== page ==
A dairy and convenience store industry representative has questioned how effective excise taxes are in cutting smoking rates, saying the higher price is encouraging robberies.
Dave Hooker of the New Zealand Association of Convenience Stores, speaking today on TVNZ1's Breakfast, said increasing dairy robberies are essentially a by-product of increasing cigarette prices.
"It's about cash and it could be for personal use as well," he said, adding that cigarettes are "a really valuable and easy-to-dispose-of commodity".
"Excise duty is just one lever to pull to try to get people to quit smoking ... I feel we've hit the tipping point.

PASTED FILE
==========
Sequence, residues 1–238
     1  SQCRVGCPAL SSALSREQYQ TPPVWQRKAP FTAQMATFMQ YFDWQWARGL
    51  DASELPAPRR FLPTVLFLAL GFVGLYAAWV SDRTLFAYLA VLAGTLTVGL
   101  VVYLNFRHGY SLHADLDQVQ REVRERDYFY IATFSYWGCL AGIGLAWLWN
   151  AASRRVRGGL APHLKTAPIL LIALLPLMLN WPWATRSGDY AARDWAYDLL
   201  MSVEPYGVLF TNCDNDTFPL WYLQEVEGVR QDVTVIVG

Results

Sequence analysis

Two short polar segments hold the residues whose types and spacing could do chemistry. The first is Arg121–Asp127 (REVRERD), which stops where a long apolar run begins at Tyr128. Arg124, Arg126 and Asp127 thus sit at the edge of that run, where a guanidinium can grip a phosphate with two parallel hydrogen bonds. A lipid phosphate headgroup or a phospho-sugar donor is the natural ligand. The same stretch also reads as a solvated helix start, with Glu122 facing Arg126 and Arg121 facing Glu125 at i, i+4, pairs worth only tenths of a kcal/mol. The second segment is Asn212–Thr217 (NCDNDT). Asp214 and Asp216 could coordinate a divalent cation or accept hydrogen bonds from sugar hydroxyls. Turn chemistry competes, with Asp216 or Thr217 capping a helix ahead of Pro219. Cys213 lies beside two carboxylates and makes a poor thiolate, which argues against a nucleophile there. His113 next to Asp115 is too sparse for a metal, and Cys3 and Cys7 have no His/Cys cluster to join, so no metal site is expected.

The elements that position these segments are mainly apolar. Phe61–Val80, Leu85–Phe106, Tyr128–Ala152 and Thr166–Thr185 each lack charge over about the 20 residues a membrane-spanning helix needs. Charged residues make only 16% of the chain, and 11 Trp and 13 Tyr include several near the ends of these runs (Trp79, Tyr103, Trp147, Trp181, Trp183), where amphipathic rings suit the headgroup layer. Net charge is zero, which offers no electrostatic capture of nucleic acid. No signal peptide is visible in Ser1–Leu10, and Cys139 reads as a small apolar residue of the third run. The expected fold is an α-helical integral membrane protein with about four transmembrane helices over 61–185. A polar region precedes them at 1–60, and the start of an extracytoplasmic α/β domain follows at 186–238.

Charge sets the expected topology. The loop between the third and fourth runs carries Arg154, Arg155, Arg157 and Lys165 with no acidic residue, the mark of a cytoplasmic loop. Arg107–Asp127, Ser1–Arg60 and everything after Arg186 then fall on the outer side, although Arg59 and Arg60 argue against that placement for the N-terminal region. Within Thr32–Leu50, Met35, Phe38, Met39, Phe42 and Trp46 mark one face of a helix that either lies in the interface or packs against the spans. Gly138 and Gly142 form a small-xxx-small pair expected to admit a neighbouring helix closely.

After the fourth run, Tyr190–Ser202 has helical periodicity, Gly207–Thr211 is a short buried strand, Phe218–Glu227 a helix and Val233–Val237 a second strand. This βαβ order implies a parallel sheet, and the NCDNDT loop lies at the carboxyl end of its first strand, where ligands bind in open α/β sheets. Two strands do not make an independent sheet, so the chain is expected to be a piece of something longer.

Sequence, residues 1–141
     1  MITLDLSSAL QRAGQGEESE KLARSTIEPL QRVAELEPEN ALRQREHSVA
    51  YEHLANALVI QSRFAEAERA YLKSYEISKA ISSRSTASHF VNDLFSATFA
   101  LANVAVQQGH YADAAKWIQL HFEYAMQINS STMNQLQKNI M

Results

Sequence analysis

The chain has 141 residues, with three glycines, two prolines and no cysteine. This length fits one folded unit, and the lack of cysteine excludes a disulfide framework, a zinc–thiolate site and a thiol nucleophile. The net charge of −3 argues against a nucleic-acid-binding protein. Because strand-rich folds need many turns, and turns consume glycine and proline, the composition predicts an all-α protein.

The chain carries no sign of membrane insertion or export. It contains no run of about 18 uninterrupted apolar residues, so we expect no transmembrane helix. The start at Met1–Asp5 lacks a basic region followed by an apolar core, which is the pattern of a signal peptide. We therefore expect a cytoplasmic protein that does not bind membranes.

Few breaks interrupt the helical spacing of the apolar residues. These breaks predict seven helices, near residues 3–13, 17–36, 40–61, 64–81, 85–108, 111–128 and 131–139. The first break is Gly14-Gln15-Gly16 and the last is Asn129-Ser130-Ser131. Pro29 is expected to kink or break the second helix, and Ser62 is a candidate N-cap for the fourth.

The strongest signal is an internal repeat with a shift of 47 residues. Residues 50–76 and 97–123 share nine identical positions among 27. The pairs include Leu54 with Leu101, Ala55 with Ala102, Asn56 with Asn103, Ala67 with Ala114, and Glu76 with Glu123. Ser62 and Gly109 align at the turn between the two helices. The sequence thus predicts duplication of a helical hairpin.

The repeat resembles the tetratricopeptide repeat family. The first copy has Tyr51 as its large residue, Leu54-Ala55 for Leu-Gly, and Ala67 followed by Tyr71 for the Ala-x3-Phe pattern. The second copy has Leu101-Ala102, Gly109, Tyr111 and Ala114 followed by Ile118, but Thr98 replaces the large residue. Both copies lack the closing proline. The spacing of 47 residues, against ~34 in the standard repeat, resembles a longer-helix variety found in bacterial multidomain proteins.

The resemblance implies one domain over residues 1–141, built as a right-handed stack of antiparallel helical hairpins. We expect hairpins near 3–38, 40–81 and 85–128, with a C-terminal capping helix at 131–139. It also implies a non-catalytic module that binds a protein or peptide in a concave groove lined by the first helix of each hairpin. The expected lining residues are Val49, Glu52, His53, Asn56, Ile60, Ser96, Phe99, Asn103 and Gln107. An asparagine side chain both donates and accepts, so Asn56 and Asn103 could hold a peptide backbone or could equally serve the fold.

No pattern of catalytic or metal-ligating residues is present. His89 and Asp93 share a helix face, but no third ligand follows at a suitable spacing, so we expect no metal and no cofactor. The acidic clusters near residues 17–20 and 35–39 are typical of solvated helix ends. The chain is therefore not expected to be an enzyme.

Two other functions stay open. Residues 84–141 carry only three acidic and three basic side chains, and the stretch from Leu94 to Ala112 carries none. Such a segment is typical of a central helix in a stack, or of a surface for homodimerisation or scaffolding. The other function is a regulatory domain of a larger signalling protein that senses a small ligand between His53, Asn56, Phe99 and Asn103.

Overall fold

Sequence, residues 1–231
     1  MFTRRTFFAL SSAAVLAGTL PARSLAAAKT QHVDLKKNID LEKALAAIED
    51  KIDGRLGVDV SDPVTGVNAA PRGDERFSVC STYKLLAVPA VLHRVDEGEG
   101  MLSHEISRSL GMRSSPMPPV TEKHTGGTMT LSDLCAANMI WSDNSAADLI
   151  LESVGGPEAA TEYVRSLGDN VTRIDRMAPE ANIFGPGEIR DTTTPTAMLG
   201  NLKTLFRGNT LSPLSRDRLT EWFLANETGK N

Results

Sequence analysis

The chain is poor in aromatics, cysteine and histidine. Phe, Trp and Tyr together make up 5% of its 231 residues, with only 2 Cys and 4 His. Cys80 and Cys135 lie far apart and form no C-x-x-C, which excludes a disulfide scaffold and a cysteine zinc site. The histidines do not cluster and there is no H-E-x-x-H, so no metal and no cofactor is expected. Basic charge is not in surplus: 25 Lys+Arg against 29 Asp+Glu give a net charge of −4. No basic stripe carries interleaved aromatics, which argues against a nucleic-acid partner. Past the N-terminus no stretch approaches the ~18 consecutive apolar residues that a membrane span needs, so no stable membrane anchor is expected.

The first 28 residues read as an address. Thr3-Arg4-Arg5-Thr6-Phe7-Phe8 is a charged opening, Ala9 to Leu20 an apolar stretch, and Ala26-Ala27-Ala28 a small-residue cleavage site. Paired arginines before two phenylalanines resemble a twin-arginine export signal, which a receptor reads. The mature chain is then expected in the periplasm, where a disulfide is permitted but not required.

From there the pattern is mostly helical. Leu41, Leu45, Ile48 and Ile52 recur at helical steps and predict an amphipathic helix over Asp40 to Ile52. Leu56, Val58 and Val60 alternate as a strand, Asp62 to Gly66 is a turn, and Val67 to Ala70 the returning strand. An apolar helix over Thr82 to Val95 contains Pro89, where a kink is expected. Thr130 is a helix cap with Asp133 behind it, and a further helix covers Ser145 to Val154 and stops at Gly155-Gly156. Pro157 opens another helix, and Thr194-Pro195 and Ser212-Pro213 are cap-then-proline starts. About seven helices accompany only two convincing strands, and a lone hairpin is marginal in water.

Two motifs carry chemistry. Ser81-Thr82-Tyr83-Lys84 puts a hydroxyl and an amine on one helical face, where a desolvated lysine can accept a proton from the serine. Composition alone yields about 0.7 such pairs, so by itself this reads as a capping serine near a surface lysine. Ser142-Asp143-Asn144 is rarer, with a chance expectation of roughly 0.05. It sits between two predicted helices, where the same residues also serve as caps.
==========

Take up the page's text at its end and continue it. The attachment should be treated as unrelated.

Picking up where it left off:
"Tax is over 75 per cent of the packet of cigarettes ... at what stage do they slow it down?"
Mr Hooker said he attended a meeting of dairy owners in Hamilton at the weekend, where people said they are scared to go to work.
Tobacco products are a large part of the turnover of dairies, Mr Hooker said, often making up 50 to 60 per cent of their total turnover.
Most owners are still just looking for easily-accessible preventative measures against robberies, Mr Hooker said.
Government grants announced by the National government did not go far enough, he said, and time-delay machines which are often suggested are simply too expensive, at $15,000-$20,000 per unit.